Several months ago, I interviewed two MFAs in the UCI Dance Department, Jackie Kopcsak and Vincent Hardy. We talked about their experiences as professional dancers, their research and choreographic vision, as well as their aspirations. By chance, their thesis choreography projects were combined for a single performance this past Wednesday, titled “Evening of Inspiration.” In two hours, however, the audience experienced both the wit of 19th century Parisian Opera and the glories of cathedral or heaven-like spaces.
Kopcsak’s “Divertissement Degas” came first, a compelling combination of ballet, acting, art history and opera. To my great delight, Kopcsak choreographed a number of Edgar Degas’ famous works into the performance, including the famous “Little Dancer.”
The ballet master (Alex Dreschke) chooses the heroine, Julie, an aspiring opera dancer, to be the star of his next ballet. The plot hinges on whether she shall choose love, her mother’s dreams, a pompous patron or dancing. This world of ribbons, petticoats, top hats and suits is not only full of beauty and wit, but also weighted with politics of patronage and ambition.
Kopcsak delivered a rich, nuanced show, which remained strong until the very end. Motifs included clean, calligraphic footwork (“warm-up”), grand turns en pointe, luxurious waltzes, etc., which shaped well on the sunny corps de ballet.
One of Kopcsak’s most obvious strengths is her musicality: not only was the music well-planned (kudos to Leo Delibes, Jules Massenet, Andre Messager and Giochino Rossini), but also the conversations between the notes and steps.
A notable performance came from Karen Wing, playing the protagonist Julie; she breezed through sequences of lush turns, arabesque balances and waltzes. Mason Trueblood, her frivolous patron, bounded into virtuoso, bombastic leaps, pausing to adjust his coattails; Ryan Thomas, playing Julie’s violinist-paramour, emoted little, but his partnering was efficient. Thea Patterson mostly acted (and managed in an otherwise bizarre pas-de-deux with Thomas), and her expressions as Julie’s ambition-mad mother were clear and nuanced.
Fun and humor abounded the snooty patron and twittering dancers, frequently leaving the audience in stitches. At the end, the soapy love triangle (between Julie, her paramour and the patron) was much too drawn out, and suffered when we were supposed to take it seriously. Apart from such a fussy melodrama, the show glittered as a gem of research and care, complete with beautiful steps, dancers, music and costumes.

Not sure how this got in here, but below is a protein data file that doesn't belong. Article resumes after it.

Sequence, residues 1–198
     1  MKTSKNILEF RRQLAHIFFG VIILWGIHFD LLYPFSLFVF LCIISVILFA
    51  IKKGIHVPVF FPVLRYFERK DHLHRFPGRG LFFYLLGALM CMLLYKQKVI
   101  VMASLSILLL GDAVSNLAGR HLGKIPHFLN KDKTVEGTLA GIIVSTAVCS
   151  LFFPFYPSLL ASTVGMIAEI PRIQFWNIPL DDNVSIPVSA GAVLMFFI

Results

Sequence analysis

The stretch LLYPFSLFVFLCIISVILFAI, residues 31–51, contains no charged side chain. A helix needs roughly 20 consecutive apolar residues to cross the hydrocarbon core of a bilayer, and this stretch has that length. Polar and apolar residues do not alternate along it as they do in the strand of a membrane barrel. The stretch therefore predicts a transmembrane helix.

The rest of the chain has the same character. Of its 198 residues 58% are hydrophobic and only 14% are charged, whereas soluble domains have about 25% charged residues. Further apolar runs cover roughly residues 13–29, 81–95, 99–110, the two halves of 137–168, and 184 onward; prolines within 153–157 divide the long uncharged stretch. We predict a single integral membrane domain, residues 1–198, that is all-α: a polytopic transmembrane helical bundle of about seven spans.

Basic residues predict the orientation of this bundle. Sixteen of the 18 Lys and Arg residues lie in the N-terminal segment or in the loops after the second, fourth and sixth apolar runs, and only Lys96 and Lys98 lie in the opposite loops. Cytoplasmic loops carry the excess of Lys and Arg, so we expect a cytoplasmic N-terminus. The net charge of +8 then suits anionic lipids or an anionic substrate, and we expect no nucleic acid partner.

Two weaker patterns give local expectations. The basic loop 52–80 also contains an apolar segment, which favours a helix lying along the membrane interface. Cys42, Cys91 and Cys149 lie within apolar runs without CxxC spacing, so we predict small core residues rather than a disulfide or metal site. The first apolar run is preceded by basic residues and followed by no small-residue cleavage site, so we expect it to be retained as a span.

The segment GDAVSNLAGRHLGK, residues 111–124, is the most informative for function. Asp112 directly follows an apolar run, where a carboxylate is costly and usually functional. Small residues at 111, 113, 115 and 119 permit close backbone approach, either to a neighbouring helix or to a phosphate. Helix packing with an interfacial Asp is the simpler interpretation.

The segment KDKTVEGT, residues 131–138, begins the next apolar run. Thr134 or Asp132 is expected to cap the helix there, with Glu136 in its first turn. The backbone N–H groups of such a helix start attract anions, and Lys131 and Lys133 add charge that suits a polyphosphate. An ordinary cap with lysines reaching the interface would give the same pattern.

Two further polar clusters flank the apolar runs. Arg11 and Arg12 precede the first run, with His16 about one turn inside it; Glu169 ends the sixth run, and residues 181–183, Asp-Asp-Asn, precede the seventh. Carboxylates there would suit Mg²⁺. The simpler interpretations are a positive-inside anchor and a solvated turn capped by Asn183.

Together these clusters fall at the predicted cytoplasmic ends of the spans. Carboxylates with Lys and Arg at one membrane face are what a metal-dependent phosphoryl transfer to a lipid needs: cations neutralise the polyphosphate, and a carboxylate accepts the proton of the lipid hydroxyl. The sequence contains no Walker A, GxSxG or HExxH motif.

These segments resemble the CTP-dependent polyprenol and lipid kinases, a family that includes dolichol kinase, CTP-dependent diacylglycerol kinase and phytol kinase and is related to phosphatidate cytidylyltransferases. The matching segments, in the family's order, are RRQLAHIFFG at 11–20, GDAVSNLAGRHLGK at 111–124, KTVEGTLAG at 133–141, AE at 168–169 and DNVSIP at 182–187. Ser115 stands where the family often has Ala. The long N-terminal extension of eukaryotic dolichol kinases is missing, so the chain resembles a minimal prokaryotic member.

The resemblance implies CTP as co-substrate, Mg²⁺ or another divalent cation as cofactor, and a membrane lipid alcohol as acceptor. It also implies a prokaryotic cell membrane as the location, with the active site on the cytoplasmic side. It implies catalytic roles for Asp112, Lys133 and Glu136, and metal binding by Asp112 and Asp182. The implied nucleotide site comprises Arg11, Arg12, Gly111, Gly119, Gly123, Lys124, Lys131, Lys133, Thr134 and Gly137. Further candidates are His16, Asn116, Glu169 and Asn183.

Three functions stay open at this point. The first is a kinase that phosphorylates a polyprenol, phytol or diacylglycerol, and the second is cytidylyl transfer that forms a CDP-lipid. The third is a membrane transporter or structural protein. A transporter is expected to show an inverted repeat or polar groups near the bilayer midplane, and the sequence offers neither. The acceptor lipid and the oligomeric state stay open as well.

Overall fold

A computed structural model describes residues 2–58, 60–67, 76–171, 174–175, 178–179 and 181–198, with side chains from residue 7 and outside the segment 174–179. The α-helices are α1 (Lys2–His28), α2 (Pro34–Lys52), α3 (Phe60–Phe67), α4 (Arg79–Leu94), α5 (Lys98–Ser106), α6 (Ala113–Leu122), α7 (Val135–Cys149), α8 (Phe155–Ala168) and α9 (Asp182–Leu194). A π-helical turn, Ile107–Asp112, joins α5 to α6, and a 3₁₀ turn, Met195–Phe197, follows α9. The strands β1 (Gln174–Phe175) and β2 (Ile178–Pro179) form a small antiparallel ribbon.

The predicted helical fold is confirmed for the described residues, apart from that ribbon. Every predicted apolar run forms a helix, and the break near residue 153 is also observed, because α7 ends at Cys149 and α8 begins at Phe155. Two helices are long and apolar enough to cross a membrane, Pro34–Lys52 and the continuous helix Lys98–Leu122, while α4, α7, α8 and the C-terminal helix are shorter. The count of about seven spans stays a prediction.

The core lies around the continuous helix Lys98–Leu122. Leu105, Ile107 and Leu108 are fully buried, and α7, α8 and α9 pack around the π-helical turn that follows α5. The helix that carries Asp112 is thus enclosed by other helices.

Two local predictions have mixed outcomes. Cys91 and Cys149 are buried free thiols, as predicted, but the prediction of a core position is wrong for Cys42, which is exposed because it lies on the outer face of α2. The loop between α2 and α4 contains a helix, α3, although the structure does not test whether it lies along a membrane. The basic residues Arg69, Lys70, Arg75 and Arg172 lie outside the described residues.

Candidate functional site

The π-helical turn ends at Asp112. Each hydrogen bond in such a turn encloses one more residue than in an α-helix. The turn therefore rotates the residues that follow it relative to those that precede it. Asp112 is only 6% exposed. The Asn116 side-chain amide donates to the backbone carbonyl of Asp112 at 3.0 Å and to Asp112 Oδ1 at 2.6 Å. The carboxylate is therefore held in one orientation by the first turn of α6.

Next came Vincent Hardy’s “Journey to Salvation.” Hardy worked in the abstract, applying contemporary choreography to music by Arvo Part and Hans Zimmer. The curtain opened with six dancers in beige fan skirts, bathed in chiaroscuro lighting, entering quietly from the side; Hardy effectively created a sanctuary onstage. In this first section (Part’s haunting “Triodion”), the dancers’ port-de-bras resembled everything from stonework to cradles; while the other five kneeled, one dancer spiraled, and hurled into sauté chats.
Later the dancers re-emerged in ornate, black “Renaissance Fair”-style dresses, bursting into angry twists and leaps, grappling with each other in terrific, maddening duets. Tremendous, heartfelt dancing propelled the entire work. Standouts included the literally tour-de-force Sakina Ibrahim; Stefanie Maugahn’s fluidity and hungry expressiveness; Ginny Ngo’s gracious movement; and Kaitlin Nguyen’s earnestness.
At one point, the group of dancers huddled in a dimly lit center, taking fragile steps forward. Silkily, eerily, a girl would collapse, sometimes on the right, sometimes the left, with her friends gently pulling her up. Progressively, however, the falls outpaced the Good Samaritans. The dancers drifted apart: divided, they no longer noticed each other collapsing. When the last girl turned around, she saw her friends lying around her, as if on a battlefield. Hardy also brought “angels” to the struggling characters — dancers in white, with unfortunately distracting wrist-sashes.
The piece ended (almost) with heaven: I am glad that Hardy avoided any floaty, flitting port-de-bras — this is no heaven of harps and halos. Rather, it was an artist’s heaven, with soul-dancers continuously shaping the light-filled space around them. God did appear in their midst — and while it could have been tactlessly handled, Hardy instead chose not to make himself the center of the performance. Rather, he ecstatically greeted his soul-dancers and moved with them — or perhaps they with him.
“Salvation,” ultimately ended the night with a foot-stomping, hand-clapping bow and encore to a contemporary praise song, and all his dancers emerged beaming, in T-shirts and jeans.
One of my only complaints at first was that the show’s title was rather bland, but I am happy to report that it truly was an evening of inspiration.
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